OPEC production rises in May despite output cut deal renewal
The rise in crude production is being attributed to a sharp recover of output in Libya and Nigeria - the two OPEC members that were exempted from complying with the pact
OPEC’s crude oil production increased by 270,000 bpd in May over April, to stand at 32.12mn bpd – the highest level since January this year, according to a survey by S&P Global Platts.
The rise in crude production, despite the Organization of Petroleum Exporting Countries joining hands with a Russia-led group of 11 non-OPEC oil producers, to extend the production cut deal till March next year, is being attributed to a sharp recover of output in Libya and Nigeria – the two OPEC members that were exempted from complying with the pact, according to Platts.
Despite the high compliance from the cartel’s biggest producer and de facto leader Saudi Arabia, as well as from Angola, output jumped from the two excepted OPEC members, and Iraq continued to under-comply significantly, increasing its production in May, the Platts survey showed.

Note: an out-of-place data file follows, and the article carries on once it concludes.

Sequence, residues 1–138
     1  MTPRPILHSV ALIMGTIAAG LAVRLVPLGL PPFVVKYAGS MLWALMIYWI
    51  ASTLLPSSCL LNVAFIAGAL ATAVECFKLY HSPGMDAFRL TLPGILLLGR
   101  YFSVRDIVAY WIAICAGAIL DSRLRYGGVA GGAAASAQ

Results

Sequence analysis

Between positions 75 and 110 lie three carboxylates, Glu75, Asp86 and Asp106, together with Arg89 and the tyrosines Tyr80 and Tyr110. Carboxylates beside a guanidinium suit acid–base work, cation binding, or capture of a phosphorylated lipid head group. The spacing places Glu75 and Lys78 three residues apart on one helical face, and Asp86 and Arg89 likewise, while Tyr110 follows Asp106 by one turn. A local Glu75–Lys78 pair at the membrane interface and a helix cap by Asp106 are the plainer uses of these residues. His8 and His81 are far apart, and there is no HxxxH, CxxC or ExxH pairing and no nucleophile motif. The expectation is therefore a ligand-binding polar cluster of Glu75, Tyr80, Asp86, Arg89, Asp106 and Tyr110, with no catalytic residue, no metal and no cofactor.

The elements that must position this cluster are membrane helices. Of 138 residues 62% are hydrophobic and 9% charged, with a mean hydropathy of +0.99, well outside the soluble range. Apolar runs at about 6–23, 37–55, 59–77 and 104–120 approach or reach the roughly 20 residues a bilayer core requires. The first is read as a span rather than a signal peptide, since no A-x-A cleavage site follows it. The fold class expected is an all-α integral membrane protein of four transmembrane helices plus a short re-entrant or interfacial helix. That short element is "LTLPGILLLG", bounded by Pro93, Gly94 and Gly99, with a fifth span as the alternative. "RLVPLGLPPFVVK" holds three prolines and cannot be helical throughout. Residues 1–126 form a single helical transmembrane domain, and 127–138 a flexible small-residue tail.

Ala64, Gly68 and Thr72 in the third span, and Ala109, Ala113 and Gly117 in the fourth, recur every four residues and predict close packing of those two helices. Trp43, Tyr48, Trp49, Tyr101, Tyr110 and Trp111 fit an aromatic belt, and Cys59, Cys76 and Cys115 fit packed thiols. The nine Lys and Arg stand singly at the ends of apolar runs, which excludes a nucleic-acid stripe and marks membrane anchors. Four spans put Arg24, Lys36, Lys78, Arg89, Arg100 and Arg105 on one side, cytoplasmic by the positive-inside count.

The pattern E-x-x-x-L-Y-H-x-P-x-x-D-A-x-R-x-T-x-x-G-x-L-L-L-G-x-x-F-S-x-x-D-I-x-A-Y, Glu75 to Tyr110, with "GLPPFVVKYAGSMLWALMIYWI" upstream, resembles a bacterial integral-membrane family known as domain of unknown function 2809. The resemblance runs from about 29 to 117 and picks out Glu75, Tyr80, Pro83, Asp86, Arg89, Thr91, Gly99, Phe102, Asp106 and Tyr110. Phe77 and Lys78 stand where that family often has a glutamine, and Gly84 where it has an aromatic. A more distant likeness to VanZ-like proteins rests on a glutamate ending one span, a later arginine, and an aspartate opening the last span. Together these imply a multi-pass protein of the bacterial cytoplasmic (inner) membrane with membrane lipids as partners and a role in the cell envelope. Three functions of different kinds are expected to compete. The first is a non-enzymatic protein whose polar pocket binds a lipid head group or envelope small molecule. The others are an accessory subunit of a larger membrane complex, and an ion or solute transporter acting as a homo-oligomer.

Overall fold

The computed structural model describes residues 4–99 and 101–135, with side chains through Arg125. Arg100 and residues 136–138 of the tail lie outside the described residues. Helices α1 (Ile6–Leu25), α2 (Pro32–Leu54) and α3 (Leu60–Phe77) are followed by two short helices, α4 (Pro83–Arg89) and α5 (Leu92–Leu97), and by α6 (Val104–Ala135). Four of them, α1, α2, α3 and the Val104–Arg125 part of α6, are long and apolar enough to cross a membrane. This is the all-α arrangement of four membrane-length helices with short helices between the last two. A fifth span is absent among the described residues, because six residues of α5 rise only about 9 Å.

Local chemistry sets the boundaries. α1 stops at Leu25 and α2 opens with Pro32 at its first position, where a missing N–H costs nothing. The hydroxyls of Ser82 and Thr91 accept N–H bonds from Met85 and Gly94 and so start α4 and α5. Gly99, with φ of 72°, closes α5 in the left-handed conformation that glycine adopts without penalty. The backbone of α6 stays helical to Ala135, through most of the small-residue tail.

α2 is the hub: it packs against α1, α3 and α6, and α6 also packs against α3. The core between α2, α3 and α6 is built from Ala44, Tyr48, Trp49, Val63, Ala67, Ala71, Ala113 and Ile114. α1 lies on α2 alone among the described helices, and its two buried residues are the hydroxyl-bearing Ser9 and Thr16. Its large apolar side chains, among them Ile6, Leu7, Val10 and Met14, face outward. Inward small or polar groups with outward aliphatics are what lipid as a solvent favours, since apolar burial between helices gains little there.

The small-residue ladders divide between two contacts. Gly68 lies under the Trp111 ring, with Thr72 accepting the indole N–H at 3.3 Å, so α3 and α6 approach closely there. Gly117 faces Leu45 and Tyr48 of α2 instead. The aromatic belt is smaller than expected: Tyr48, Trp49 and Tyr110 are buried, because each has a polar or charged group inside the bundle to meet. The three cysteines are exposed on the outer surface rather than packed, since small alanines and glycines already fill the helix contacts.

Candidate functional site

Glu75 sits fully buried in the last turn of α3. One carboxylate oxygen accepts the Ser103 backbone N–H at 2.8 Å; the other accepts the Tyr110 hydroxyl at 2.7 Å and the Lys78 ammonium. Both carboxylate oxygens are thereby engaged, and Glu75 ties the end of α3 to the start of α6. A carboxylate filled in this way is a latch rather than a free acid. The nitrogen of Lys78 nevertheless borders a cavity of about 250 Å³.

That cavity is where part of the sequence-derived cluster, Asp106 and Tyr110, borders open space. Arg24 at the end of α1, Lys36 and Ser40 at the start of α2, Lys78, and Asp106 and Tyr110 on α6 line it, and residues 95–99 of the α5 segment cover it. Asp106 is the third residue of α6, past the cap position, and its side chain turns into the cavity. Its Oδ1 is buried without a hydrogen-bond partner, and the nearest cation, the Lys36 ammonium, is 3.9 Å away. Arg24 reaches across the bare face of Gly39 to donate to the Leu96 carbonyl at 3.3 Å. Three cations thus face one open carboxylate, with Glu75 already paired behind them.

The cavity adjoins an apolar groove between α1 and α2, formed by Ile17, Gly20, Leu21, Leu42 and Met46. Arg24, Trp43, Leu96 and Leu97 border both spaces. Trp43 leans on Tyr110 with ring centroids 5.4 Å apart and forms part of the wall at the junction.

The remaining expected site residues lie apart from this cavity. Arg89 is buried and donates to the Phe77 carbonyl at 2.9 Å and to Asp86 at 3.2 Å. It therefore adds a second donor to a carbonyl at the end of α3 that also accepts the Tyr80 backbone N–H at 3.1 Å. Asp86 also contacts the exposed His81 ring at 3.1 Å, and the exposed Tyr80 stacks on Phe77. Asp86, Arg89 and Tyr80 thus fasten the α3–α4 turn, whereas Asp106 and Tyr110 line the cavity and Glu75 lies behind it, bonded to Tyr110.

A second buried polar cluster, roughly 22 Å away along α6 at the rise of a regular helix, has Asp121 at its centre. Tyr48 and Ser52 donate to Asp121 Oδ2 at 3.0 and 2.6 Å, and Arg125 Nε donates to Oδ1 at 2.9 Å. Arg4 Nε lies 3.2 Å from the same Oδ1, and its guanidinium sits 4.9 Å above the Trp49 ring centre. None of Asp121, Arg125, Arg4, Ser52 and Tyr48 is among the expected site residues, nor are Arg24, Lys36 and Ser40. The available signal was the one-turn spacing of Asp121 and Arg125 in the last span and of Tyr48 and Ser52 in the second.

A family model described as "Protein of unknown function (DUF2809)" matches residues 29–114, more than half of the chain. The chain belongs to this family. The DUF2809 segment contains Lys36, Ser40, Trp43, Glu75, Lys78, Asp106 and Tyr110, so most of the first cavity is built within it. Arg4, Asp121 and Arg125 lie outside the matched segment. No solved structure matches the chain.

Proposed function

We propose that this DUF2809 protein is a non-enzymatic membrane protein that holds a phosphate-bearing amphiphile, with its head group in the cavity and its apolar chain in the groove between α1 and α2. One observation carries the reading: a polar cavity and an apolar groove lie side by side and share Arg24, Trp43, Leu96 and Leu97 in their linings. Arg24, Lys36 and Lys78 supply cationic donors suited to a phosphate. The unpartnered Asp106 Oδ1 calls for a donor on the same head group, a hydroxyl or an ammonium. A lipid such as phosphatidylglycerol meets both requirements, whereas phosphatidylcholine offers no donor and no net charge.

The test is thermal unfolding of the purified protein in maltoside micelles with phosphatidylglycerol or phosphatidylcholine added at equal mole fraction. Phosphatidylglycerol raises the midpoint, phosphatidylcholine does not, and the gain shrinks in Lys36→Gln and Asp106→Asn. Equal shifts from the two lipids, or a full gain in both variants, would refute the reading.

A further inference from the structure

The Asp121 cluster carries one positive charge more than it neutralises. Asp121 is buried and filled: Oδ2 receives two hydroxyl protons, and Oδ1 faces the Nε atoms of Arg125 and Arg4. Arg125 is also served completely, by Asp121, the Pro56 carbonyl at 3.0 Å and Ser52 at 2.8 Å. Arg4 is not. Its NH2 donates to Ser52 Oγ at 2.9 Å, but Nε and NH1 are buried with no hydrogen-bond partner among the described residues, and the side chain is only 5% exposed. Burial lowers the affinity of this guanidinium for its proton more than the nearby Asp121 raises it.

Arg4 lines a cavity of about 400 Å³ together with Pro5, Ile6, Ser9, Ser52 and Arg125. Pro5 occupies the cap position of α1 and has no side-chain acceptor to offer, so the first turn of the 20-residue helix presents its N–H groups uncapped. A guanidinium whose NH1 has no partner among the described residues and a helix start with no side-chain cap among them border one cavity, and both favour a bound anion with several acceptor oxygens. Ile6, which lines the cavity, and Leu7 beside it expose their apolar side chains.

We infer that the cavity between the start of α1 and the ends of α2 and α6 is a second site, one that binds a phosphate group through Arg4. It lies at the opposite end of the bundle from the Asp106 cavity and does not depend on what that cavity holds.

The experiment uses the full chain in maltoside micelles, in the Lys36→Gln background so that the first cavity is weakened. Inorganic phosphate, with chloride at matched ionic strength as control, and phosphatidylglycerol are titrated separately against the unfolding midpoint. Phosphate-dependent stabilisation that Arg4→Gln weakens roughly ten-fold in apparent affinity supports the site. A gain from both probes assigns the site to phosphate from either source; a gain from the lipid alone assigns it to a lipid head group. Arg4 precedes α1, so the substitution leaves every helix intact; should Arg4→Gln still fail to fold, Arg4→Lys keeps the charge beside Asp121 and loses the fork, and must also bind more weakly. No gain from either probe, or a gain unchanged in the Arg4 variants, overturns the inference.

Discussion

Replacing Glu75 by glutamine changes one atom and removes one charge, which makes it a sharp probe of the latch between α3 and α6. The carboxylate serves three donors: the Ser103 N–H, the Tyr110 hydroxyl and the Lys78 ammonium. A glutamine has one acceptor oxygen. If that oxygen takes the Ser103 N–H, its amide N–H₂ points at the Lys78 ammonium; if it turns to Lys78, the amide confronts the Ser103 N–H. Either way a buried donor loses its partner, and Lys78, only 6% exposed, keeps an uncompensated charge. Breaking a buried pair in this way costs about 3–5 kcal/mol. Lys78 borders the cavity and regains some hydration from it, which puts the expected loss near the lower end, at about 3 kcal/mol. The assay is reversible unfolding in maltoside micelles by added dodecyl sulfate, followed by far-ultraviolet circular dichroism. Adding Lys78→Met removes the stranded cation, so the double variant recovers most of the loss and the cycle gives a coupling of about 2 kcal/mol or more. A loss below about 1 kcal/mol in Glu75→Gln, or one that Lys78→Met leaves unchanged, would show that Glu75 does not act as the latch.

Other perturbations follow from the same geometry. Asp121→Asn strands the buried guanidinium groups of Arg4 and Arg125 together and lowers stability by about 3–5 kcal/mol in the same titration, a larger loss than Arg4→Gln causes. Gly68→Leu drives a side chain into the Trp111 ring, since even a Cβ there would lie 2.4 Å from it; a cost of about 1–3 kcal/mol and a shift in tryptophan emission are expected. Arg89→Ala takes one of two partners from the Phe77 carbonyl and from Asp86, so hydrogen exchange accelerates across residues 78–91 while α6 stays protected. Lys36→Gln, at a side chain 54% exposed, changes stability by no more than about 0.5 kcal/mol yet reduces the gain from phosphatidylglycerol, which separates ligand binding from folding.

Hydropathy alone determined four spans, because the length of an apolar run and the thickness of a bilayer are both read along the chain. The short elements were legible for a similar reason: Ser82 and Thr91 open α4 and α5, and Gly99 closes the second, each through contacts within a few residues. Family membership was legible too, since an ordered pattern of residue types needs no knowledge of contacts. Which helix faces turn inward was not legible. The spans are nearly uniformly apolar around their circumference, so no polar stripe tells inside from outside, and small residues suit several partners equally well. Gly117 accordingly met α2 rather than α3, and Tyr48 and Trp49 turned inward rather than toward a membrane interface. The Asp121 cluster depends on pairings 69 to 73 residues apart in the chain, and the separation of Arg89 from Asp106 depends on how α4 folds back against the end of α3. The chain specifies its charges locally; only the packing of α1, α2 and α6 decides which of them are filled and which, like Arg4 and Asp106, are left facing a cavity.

According to the survey, Nigerian output increased last month to 1.73mn bpd, up by 80,000 bpd from April, and the highest level since March 2016, due to the restart of Forcados crude exports. According to Platts shipping data, two Suezmax tankers fully laden with crude oil set sail from Nigeria’s Forcados terminal at the end of May.
In Libya, crude output increased by 180,000 bpd to 730,000 bpd in May – the highest level since October 2014 – with the giant Sharara field resuming production, and exports from both key eastern and western ports rising steadily.
Expectations are that output from Libya and Nigeria will continue to rise in the summer, which will be, for OPEC, a ‘tricky period in its attempt to accelerate the market’s rebalancing’, Platts said.
While production at OPEC’s no1 producer Saudi Arabia dropped to 9.93mn bpd in May, down 40,000 bpd from April, output at the cartels no 2 producer – Iraq – increased, by 70,000 bpd to 4.43mn bpd in May, the Platts survey found.
Iraq continues to apparently disregard the output cut deal, and its compliance in the first five months of the deal is 70%, one of the least-compliant producers, according to calculations by Platts.
OPEC’s no.3 producer Iran – which was allowed to slightly raise and cap output at 3.797mn bpd in the deal – was just below that level, at 3.78mn bpd in May, Platts said.